Linda Halliday wins CATEY award
There were several strong contenders for this year's Food Service Caterer of the Year award, but one person's inexhaustible contribution to the industry singled her out.
Linda Halliday was hailed by the judges as the "energy behind Springboard", a "very good" chairwoman of the British Hospitality Association and a "tireless fundraiser" for charities such as Kids Out and Hospitality Action.
One judge - and a business rival - said: "Since I have known Linda, she has had a track record of giving back to the industry. She's always calling me up to move certain issues forward."
Another pointed out Halliday's exemplary commitment to young people though her support of training initiatives: "To me, Springboard is a huge charity to raise money for. It needs £1.5m a year and she plays a key part - it requires all of us to participate."
Everybody, it seems, knows Halliday. When she's not tapping companies for money to raise awareness of the industry as a good career, she's attending an Arena lunch, chairing the food and service management forum of the BHA or organising a charity ball. "Her name is always popping up," commented another judge.
If all her hard work for charities and industry boards were not enough to commend Halliday for this award, she is also a founder member of one of the fastest-growing food service companies in the UK.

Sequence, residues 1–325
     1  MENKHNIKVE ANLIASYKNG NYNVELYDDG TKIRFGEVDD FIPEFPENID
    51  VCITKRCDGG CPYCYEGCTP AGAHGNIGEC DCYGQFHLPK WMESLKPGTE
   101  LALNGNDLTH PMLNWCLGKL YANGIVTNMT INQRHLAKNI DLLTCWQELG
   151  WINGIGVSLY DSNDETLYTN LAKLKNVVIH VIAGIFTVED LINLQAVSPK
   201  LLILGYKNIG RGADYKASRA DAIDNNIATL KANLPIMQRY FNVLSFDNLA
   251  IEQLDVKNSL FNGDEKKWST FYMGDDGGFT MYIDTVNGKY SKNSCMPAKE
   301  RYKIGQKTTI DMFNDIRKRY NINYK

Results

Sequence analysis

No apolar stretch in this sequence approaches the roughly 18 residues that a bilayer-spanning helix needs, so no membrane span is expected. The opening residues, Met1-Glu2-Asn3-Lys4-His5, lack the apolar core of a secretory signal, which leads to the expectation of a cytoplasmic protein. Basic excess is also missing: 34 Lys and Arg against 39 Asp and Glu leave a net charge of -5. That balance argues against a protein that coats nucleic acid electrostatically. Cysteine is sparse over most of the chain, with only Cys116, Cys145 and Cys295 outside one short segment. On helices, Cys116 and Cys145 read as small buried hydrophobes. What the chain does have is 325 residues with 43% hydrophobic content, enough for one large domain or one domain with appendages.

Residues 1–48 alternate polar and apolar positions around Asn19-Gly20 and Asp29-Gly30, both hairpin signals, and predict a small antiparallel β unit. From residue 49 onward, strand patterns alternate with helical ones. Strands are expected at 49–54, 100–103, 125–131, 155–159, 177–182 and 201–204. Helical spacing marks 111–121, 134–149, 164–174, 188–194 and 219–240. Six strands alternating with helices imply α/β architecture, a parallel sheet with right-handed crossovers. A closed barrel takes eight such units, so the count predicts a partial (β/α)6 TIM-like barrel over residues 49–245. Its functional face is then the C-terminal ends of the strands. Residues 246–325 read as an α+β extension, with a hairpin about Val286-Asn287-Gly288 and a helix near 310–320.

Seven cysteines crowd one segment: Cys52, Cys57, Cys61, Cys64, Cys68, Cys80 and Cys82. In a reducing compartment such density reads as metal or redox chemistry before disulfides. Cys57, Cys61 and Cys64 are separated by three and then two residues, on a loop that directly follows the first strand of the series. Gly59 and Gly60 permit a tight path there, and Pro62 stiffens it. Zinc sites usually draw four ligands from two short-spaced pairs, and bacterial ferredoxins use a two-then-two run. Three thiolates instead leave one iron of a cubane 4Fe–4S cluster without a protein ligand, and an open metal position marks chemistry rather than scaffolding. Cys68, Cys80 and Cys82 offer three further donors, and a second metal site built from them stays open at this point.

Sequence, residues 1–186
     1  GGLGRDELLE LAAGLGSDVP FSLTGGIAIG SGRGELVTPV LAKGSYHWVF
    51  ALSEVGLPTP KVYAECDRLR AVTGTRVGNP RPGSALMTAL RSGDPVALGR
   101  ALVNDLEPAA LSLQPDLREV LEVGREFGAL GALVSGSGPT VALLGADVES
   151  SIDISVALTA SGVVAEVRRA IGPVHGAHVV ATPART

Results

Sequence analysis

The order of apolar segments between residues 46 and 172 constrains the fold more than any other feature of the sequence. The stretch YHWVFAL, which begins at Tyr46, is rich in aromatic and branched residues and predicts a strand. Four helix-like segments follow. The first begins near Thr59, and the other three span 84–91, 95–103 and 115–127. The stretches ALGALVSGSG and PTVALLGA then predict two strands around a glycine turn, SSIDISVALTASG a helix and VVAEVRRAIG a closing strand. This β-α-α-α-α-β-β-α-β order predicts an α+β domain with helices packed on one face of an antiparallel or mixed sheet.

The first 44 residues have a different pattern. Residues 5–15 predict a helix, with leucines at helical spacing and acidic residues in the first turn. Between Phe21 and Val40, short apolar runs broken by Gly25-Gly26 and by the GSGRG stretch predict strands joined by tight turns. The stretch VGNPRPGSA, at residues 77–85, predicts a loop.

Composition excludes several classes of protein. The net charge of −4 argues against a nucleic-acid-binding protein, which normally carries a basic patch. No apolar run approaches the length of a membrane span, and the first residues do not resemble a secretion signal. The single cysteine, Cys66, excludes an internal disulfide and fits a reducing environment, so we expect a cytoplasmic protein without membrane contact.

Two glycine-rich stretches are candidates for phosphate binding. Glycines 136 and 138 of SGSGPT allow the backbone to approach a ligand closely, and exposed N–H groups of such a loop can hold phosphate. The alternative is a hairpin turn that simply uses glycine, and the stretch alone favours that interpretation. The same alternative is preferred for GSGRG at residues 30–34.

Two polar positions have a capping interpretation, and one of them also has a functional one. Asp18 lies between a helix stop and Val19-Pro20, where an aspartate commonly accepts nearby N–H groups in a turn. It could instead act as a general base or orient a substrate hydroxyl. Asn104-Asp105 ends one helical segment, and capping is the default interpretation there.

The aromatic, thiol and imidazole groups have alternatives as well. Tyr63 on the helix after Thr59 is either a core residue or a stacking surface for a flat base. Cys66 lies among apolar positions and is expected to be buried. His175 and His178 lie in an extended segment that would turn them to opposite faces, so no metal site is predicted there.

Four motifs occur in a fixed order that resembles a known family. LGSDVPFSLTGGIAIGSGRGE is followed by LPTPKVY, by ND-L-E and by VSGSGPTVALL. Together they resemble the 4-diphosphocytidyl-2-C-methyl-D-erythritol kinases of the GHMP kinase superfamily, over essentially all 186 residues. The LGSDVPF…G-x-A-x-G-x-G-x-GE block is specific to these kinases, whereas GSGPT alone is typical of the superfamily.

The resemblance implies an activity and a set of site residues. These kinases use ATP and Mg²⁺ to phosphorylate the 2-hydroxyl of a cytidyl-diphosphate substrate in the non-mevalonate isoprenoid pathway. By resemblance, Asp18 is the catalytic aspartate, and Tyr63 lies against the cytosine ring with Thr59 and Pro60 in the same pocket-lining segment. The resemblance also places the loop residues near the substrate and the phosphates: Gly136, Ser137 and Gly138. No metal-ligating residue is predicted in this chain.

In 2000 she took the big step of merging her company, Halliday Catering Services, with Wilson Storey, owned by Alastair Storey and Keith Wilson. The Wilson Storey Halliday partnership was a shrewd move, enabling Halliday to grow her business - which at the time had a turnover of £23m - further. In the past 18 months, the new company has expanded to 152 contracts, and now turns over £45m a year and employs about 1,500 staff.
Within the company, Halliday has taken up the role of human resources director. It's a position she is well suited to. In an interview earlier this year (Caterer, 20 February, page 46) she said: "I think it was a subconscious decision to take the HR route because I wanted to influence people's perceptions of workers in the service industry. I personally wouldn't treat a kitchen porter any differently to a top client."
One quality Halliday has in spadefuls is strength and determination. That was never demonstrated more than in 1995, when her husband George died. Many thought that she would sell the business, but they clearly didn't know Halliday.
Not only is she determined to push the contract catering industry on, turning the economic gloom to advantage by promoting it as a career choice in universities and colleges, Halliday also has a knack of generating business success, said the judges.
Article taken from Caterer & Hotelkeeper
3 - 9 July 2003